Automakers Taking Their Own Spy Photos: Why is this Happening?!
One of the great traditions in the automotive media is that of the spy shot. Before a car is unveiled, it needs to go through rigorous shakedown testing. In many situations, that testing cannot be done within the confines of an automaker's proving grounds, thus is must adorn yards upon yards of camouflage and body cladding, and take to the open road. That is when the spy photographer strikes. From the frozen north to the heat of Death Valley, the likes of Brenda Priddy and others have made careers out of tracking down these prototypes, much to the ire of the automakers. All in the name of getting the car fan the early sneak peak of a car that they so deeply desire. Perhaps it is that ire that has driven this latest fad from automakers; taking spy photos of their own vehicles. Allow the stupidity and redundancy of that to sink in a moment. So what gives? The answer is simple: It's all about controlling the message. See automakers hate it when the media doesn't follow their directive in covering a car. That is why journalists get flown out to remote locations, wined, and dined when testing something as simple as a Ford Fusion- The auto scribe might not even realize it, but they subconsciously feel bad for lambasting a car from the people that just fed them lobster and put them up in a five star hotel. It's also why Ferrari will black-list you for life if you try to write a review based on a Ferrari that you procured from a dealership– they want you testing the car that they tuned right before the test drive event.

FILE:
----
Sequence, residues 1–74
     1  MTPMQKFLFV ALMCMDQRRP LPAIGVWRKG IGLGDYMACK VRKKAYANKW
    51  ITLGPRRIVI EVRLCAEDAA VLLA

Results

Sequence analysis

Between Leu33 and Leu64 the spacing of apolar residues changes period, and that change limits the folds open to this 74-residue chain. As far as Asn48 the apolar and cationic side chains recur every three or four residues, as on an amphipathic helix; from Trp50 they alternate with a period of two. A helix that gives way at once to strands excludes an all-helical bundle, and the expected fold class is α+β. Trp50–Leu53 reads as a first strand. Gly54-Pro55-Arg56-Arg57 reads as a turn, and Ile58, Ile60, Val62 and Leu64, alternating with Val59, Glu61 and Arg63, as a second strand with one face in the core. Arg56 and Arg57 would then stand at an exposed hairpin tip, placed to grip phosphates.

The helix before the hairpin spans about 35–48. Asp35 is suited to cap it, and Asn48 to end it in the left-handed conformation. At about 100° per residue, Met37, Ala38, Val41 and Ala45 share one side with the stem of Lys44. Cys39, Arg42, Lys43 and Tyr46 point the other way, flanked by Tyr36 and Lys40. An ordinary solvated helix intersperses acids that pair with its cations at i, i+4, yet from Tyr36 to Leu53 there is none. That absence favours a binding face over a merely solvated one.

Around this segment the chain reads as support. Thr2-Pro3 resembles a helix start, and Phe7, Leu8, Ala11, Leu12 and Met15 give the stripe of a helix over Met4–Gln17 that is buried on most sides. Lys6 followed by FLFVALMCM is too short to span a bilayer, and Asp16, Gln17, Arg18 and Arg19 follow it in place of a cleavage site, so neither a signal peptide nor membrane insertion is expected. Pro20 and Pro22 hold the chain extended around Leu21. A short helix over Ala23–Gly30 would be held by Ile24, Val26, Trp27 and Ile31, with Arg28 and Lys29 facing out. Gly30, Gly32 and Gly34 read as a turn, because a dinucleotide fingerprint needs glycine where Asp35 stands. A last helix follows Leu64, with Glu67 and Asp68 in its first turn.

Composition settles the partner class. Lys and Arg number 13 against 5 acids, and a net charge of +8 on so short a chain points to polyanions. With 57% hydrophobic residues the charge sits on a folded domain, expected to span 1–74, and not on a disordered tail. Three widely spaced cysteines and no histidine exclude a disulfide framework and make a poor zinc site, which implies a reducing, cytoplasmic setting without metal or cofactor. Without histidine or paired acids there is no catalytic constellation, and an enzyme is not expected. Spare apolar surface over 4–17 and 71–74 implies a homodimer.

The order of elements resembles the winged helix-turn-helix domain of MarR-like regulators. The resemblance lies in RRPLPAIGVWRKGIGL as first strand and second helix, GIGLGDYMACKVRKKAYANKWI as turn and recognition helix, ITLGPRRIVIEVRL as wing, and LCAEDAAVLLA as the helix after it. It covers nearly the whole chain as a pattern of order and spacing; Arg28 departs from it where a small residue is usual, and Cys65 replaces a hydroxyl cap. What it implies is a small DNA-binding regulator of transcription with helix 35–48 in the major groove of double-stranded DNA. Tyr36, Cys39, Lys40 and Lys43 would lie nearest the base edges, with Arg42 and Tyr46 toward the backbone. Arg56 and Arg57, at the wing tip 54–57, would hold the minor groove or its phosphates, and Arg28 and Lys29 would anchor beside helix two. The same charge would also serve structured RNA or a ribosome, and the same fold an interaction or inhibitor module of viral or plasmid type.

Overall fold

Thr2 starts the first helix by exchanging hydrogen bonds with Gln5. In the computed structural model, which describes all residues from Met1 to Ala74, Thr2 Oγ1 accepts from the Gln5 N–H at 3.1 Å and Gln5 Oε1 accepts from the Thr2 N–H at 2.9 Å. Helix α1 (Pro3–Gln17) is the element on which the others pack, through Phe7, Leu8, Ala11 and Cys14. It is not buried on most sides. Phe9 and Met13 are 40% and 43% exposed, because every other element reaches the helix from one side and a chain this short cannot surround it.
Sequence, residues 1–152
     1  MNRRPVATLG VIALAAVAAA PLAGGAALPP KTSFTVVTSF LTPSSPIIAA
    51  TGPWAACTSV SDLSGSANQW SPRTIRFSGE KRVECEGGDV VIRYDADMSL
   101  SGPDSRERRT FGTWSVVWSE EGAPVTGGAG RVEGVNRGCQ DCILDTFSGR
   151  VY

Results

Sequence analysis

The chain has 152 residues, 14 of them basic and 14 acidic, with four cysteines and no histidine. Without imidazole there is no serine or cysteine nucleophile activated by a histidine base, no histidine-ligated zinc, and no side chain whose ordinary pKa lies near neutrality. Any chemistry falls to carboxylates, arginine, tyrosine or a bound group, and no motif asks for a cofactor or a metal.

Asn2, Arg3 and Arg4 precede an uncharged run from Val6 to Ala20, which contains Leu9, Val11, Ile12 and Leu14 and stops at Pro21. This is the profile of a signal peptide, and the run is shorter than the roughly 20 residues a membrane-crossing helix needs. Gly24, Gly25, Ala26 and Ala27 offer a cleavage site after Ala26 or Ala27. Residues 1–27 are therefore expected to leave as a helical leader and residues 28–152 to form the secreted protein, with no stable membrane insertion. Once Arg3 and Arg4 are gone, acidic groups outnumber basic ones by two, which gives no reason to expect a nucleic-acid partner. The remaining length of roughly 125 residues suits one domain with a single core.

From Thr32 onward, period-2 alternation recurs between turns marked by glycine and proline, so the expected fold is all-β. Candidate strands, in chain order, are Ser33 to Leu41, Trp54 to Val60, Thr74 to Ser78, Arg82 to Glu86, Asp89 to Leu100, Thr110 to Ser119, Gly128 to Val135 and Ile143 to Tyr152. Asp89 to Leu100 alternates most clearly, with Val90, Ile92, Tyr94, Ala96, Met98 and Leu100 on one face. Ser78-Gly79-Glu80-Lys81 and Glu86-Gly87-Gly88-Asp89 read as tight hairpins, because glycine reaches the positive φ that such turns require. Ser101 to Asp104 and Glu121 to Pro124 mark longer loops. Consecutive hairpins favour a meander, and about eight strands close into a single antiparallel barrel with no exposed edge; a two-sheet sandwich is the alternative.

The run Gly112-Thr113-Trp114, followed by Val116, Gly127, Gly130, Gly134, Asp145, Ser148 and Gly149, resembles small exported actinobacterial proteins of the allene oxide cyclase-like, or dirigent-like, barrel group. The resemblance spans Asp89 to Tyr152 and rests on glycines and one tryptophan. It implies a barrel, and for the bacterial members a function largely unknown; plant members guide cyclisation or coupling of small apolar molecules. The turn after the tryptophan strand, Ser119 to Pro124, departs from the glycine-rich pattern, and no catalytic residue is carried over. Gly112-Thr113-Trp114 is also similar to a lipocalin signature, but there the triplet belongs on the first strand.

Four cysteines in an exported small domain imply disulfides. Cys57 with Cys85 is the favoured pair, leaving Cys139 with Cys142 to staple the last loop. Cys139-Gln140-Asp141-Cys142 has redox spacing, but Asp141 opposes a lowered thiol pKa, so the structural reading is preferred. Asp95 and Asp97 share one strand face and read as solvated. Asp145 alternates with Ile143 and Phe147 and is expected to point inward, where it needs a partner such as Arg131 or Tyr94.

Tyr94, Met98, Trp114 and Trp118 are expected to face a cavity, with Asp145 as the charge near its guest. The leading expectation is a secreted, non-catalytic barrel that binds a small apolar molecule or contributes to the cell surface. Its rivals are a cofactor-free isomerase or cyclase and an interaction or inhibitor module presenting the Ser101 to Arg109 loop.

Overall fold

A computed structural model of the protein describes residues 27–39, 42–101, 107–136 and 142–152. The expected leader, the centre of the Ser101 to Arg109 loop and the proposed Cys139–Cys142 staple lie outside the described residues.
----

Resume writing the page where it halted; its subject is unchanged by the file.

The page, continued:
So how does that play into spy photos? Well the spy photography business is a tough one. You have to basically hide in the desert or near one of the automakers' headquarters in the hopes that you can spot one of their prototypes out testing. That is when you get your shot that you can sell to various automotive outlets. Like Peter Parker getting the only shots of Spider Man in town, these photogs pay top dollar for their work- and deservedly so!
So what if the automaker offers shots just like it for free?! Well, the more upstanding outlets will continue to employ the intrepid photographers, while the one's that can't afford it will go with the freebees. As a result, the spy photographers will take a hit in the wallet, and some may have to close up shop.
The end result? The automaker has more control over its message, and pushing their own agenda. Up close, its just a strange version of advertising, but in a big picture sense, it's a way of shutting down the only people that manage to get photos of the automakers undergarments. So, support your friendly neighborhood spy photographer, and turn down those silly in-house spy shots!